Foreign direct investments are controversial since their hold on strategic port facilities may imply a loss of sovereignty and go against long-term national interests.
In 1997 HPH was awarded concessions on container facilities on both sides of the Panama Canal (Balboa and Cristobal). The reaction by some was that China was now controlling the canal even if the canal itself is under the full jurisdiction of the Panama Canal Commission. This even prompted statements by the CEO of Hutchinson Whampoa, Li Ka-Shing, reassuring the United States that this purchase was strictly a commercial venture fitting the strategies of the holding and that it had nothing to do with the operations of the canal itself.
Another salient example took place in 2006. The controversy pertained to management contracts of major American ports to the United Arab Emirates state-owned company DP World. The contracts had already been foreign-owned by Peninsular and Oriental Steam Navigation Company (P&O), a British firm. DP World acquired the terminal assets of P&O, further consolidating its global holdings and managing terminals in major American ports (including New York, Baltimore, Miami, New Orleans, and Philadelphia). In a post-September 11 setting where security issues had become highly controversial, the deal stirred a public debate, particularly since Middle Eastern interests control DP World. President George W. Bush argued for approval of the agreement, claiming that the delay was sending the wrong message. Legislation was introduced to the US Congress to delay the sale, and the US House Committee on Appropriations voted 62–2 to block the deal. The settlement involved DP World delegating the American terminal assets of P&O to an American entity. American Insurance Group (AIG) holding purchased assets that included five port terminals and 16 freight handling facilities, which were incorporated in the portfolio of Ports America.
Australia overhauled its foreign investment laws in late 2020, giving the government the retrospective power to impose new conditions or even force divestment on deals that had already been approved. Ports were among the first sectors to gain attention. In Spring 2021, the government decided to review the lease of Port Darwin to Landbridge Group, which is owned by a Chinese billionaire. Landbridge won a 99 years bid in 2015 to operate the port, the centerpiece of the government’s plan to develop its remote north. The Australian government decided to review whether to force the company to give up its ownership due to national security concerns, focusing on its alleged ties to the Chinese military. The news came only weeks after the Australian government’s decision to cancel a BRI agreement signed in 2018 between China and the state of Victoria.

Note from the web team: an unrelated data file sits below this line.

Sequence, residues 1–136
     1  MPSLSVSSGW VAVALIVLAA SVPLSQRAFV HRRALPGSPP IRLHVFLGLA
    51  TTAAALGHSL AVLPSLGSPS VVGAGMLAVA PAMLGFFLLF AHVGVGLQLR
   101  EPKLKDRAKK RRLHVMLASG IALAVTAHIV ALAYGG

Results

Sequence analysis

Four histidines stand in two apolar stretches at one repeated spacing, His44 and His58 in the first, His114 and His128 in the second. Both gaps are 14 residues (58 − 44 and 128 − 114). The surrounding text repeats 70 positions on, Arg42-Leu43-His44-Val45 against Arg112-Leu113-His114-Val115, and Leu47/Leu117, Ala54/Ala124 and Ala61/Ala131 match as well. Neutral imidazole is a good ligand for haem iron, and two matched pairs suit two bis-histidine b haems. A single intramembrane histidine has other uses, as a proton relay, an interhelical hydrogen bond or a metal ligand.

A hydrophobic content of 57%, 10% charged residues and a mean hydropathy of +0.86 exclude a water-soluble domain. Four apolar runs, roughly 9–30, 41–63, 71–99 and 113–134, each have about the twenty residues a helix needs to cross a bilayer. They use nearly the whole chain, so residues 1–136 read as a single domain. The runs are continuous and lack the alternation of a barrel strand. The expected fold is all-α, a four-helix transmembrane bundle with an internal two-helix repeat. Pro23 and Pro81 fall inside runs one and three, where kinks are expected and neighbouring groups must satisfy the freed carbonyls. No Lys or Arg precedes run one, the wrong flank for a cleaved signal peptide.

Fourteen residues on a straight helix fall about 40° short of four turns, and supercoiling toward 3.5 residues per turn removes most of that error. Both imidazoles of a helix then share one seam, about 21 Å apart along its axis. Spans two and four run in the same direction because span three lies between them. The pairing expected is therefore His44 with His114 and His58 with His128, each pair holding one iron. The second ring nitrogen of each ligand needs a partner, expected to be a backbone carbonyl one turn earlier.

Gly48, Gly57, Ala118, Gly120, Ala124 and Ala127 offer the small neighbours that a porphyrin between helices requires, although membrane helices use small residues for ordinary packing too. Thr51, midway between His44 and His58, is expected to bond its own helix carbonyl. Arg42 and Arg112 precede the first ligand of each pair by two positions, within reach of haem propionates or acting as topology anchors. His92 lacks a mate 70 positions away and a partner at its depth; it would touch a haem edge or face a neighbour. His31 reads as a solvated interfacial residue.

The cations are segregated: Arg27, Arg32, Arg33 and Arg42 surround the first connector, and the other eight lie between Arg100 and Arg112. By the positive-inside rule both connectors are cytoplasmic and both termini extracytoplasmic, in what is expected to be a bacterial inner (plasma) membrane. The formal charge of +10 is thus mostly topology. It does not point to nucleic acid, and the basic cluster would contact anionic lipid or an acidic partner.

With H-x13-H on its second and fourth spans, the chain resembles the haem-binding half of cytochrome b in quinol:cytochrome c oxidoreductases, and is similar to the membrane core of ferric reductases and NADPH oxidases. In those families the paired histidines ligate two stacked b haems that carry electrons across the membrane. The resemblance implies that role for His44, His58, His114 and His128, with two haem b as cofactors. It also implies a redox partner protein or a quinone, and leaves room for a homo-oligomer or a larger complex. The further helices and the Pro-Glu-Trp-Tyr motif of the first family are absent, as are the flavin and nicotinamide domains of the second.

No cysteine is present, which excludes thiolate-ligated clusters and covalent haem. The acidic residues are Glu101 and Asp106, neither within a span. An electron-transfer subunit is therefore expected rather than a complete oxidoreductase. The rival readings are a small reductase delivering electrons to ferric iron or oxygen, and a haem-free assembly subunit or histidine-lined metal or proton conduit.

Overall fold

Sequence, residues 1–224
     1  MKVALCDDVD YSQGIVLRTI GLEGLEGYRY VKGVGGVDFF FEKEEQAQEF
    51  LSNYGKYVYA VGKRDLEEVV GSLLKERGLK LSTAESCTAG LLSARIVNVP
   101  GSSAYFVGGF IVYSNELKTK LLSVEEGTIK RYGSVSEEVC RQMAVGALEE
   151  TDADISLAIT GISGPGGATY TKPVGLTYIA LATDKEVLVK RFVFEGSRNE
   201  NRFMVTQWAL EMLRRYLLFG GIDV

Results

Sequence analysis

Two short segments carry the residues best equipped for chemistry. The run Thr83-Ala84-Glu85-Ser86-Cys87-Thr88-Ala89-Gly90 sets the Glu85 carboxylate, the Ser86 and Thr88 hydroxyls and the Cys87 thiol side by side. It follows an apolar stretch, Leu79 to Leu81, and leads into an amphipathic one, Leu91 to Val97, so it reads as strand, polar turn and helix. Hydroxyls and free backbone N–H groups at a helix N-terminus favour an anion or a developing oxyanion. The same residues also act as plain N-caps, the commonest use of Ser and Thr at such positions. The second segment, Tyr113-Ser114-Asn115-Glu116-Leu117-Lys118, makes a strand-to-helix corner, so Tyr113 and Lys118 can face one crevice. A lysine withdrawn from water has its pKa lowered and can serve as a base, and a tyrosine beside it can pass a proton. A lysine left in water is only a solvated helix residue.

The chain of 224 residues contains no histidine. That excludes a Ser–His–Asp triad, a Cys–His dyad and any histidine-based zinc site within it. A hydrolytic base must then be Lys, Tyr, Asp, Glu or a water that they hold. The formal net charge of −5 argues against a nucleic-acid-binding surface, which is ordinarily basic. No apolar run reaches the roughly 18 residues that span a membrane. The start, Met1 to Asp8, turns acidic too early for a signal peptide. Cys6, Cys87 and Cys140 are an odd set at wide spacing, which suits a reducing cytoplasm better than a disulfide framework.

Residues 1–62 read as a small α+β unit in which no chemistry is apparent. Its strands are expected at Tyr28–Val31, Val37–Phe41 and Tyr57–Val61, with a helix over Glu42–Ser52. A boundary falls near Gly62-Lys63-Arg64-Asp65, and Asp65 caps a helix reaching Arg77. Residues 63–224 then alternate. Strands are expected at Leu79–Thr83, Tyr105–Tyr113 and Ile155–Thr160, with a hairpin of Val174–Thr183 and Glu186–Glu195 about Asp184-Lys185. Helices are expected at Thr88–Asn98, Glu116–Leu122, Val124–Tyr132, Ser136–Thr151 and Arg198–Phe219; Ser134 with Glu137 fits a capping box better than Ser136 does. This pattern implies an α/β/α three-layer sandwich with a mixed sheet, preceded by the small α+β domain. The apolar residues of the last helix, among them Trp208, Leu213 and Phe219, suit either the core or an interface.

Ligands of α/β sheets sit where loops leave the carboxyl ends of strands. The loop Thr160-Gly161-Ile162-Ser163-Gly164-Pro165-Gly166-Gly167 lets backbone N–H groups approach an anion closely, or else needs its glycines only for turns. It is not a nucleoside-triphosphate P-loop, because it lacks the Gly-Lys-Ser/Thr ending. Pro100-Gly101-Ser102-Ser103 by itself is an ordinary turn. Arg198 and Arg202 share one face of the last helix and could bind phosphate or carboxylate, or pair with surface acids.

In Europe, the potential geopolitical advantage of the Piraeus port offer led the Chinese government to pursue ownership of the port via its state-owned shipping conglomerate COSCO Pacific. Following bilateral discussions, the two governments agreed in the mid-2000s to the involvement of COSCO in Piraeus port operations. When the Greek PM announced the decision during an official trip to China, European institutions sent a reminder of the need for an open tender to secure a level playing field for all parties. In 2008, a 35+5 year container terminal concession was given to COSCO, making Piraeus its port of entry into southern Europe and the Mediterranean.
China realized a window of opportunity in a financially struggling country and actively sought to control the port. Successive Chinese leaders started official trips in Greece, advocating the importance of gaining control of the major Greek port as part of China’s efforts to help Greece overcome its debt crisis. In 2016, an international tender for selecting the preferable investor for PPA SA gave COSCO Shipping Corporation majority share ownership of the Piraeus Port Authority and all operations. Although six parties expressed an initial interest, only COSCO placed a bid at the final stage. The Greek Parliament endorsed the agreement in 2016.
The arrival of COSCO Pacific has been catalytic. Piraeus experienced an increase in container throughput due to additional transshipment traffic and moved from the 17th largest container port in Europe in 2007 to the 4th by 2020. This was a political process balancing the geopolitical interest of a Chinese government developing a presence in the region and Greek interests to ease the pressures posed by the accelerated economic crisis. The public port authority has been replaced by a Chinese entity acting as owner-manager and operator of the whole port.
The Greek case also highlights the importance of politics in port development. At the beginning of the 2010s, the structural reforms program was accompanied by disagreements between a Troika of international organizations on the desired model. The International Monetary Fund (IMF) favored selling the shares of Greek port authorities. The European Commission and the European Central Bank preferred concessioning to third parties, with the port authorities remaining under public control. Lawsuits followed Piraeus’ concession, while COSCO’s first arrival in Greece was met with a month-and-a-half-long dockworkers’ strike.